By Ian Ransom
MELBOURNE (Reuters) - World number two Adam Scott stood firm in the face of a fierce charge from Matt Kuchar to defend his home Australian Masters by two strokes on Sunday as the American's challenge crumbled over the closing holes.
Overnight leader by four strokes, U.S. Masters champion Scott had appeared poised to canter to victory on a breezy day at Royal Melbourne, but was forced to grind out the win as Kuchar roared into contention with a scintillating front nine.
After forging two strokes clear by the time he reached the 16th tee, Kuchar fell back into a share of the lead with a bogey on the tough par-four and then handed the initiative to Scott with a double-bogey six after finding sand on the last.
Playing a couple of groups behind the American, Scott was in no mood to give up the two-shot lead he suddenly inherited and was able to soak up the adulation of a massive home gallery when he tapped in a three-foot par putt on the last to seal victory.
"I guess today, sometimes you kind of win a little bit ugly," Scott told reporters after carding a scratchy even-par 71 for a 14-under total of 270 and a winner's cheque worth A$186,000 ($174,100).
"All of the good stuff I'd done in the first three rounds counted for a lot.
"Even though it wasn't the prettiest golf today... I got away with it, but I'll have to learn not to do it next time."
Former world number one Vijay Singh, joint second overnight, was quickly out of the picture after toiling early, leaving the title to be decided by a shoot-out between Scott and Kuchar.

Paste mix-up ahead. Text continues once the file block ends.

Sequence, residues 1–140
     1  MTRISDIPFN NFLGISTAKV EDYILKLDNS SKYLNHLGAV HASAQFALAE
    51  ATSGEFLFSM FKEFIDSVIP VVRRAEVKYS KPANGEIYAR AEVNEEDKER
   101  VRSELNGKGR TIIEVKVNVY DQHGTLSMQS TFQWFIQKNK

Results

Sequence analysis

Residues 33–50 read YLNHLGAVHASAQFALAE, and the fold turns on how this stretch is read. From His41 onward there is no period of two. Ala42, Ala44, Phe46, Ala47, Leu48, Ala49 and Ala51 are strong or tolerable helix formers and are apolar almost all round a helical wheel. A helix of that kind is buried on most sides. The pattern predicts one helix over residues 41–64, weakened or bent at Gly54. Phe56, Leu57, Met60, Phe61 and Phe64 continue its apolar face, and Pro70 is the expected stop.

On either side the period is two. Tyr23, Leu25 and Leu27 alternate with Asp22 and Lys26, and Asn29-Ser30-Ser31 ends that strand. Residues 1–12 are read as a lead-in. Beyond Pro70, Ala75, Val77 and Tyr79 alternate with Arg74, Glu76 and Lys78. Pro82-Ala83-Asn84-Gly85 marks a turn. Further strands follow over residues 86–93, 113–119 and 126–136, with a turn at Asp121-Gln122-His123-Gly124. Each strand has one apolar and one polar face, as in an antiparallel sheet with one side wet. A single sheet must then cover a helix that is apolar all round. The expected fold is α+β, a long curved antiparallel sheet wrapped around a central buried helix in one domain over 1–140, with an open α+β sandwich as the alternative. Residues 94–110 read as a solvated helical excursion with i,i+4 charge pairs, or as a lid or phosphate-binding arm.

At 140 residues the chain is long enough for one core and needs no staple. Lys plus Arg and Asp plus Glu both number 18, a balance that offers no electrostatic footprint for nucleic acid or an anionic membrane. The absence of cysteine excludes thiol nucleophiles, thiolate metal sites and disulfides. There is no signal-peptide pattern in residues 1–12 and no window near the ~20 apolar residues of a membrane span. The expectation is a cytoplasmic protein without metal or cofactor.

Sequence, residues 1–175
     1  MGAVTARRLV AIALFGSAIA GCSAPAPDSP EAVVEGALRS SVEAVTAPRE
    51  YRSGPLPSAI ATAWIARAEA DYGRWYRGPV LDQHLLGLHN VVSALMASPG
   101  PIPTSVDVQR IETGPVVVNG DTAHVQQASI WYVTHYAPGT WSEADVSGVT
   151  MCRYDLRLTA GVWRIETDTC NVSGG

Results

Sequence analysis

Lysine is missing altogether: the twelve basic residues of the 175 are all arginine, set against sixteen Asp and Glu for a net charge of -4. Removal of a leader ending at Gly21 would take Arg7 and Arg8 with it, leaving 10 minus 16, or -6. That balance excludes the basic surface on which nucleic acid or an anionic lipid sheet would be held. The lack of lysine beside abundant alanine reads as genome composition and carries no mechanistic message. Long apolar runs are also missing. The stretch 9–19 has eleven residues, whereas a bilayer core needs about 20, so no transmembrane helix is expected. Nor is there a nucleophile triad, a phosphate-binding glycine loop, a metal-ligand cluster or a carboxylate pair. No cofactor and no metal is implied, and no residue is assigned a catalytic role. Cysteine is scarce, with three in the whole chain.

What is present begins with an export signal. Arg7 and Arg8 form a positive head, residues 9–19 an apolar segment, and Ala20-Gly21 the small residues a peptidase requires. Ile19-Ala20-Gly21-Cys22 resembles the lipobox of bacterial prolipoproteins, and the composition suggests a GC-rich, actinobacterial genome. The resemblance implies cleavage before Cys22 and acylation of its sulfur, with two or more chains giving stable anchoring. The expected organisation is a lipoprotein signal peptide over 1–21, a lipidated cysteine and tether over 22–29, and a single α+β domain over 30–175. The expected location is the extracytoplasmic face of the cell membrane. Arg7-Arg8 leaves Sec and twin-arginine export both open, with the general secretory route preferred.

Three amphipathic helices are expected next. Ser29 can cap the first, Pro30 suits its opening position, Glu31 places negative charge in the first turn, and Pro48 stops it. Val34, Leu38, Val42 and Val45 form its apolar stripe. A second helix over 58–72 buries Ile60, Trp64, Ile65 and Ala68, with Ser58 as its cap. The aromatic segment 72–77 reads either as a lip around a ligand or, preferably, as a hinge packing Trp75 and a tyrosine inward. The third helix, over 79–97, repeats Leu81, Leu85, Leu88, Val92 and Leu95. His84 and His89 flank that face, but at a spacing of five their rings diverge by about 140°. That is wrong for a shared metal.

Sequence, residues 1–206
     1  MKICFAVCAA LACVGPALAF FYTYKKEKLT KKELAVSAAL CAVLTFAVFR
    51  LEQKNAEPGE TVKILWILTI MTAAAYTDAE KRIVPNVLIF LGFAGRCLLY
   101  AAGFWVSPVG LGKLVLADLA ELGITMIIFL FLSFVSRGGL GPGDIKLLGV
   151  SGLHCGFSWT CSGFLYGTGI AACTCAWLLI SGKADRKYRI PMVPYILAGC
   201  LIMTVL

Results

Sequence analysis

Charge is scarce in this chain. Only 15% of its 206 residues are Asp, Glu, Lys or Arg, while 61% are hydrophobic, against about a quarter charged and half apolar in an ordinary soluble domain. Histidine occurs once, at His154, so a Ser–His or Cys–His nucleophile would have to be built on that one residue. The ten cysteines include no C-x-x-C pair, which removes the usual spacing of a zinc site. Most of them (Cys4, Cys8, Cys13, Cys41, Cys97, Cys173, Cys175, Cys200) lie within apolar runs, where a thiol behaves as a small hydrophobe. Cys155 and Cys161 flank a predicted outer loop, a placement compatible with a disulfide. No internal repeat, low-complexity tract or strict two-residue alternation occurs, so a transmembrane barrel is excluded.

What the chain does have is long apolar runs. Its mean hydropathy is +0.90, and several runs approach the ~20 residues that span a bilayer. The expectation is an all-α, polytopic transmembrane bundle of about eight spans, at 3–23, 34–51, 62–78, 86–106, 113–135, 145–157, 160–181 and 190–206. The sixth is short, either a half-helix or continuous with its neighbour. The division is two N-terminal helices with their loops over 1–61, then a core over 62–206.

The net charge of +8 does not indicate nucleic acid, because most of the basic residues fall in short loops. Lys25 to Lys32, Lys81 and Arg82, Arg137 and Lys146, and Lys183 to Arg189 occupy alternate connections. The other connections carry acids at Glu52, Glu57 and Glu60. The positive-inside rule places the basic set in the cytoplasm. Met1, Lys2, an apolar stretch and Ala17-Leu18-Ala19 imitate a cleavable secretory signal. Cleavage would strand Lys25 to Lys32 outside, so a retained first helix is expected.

Having played the famed sandbelt course with aplomb on the opening three days, Scott had trouble selecting the right clubs and ground his way to the turn on even-par as Kuchar soared to four-under for the day.
The 33-year-old Scott stumbled badly on the par-three 14th, his sand wedge off the tee coming up short and burying itself in a green-side bunker.
Faced with a "fried egg" lie, Scott's recovery raced off the green, leading to a double-bogey that handed Kuchar a two-stroke advantage.
"That one was completely on me because (caddy) Steve (Williams) wanted me to hit wedge but I just didn't have the feel for a wedge," Scott said.
Unbowed, Scott bounced back with a birdie on the next hole to put the heat back on Kuchar and was a model of composure as he completed the course with three straight pars.
Wearing the winner's 'gold jacket', Australia's answer to the more prestigious green one given at Augusta, Scott beamed as he pondered his second title in a week following his Australian PGA Championship win at the Gold Coast last week.
Scott has a chance to sweep all three of Australia's marquee tournaments when he lines up at the national Open in Sydney later this month, but will return to Royal Melbourne in a few days to team up with compatriot Jason Day for the World Cup starting on Thursday.
"Come back next week and see me and Jase," Scott urged fans at the trophy presentation. "We'll win the World Cup."
(Editing by John O'Brien)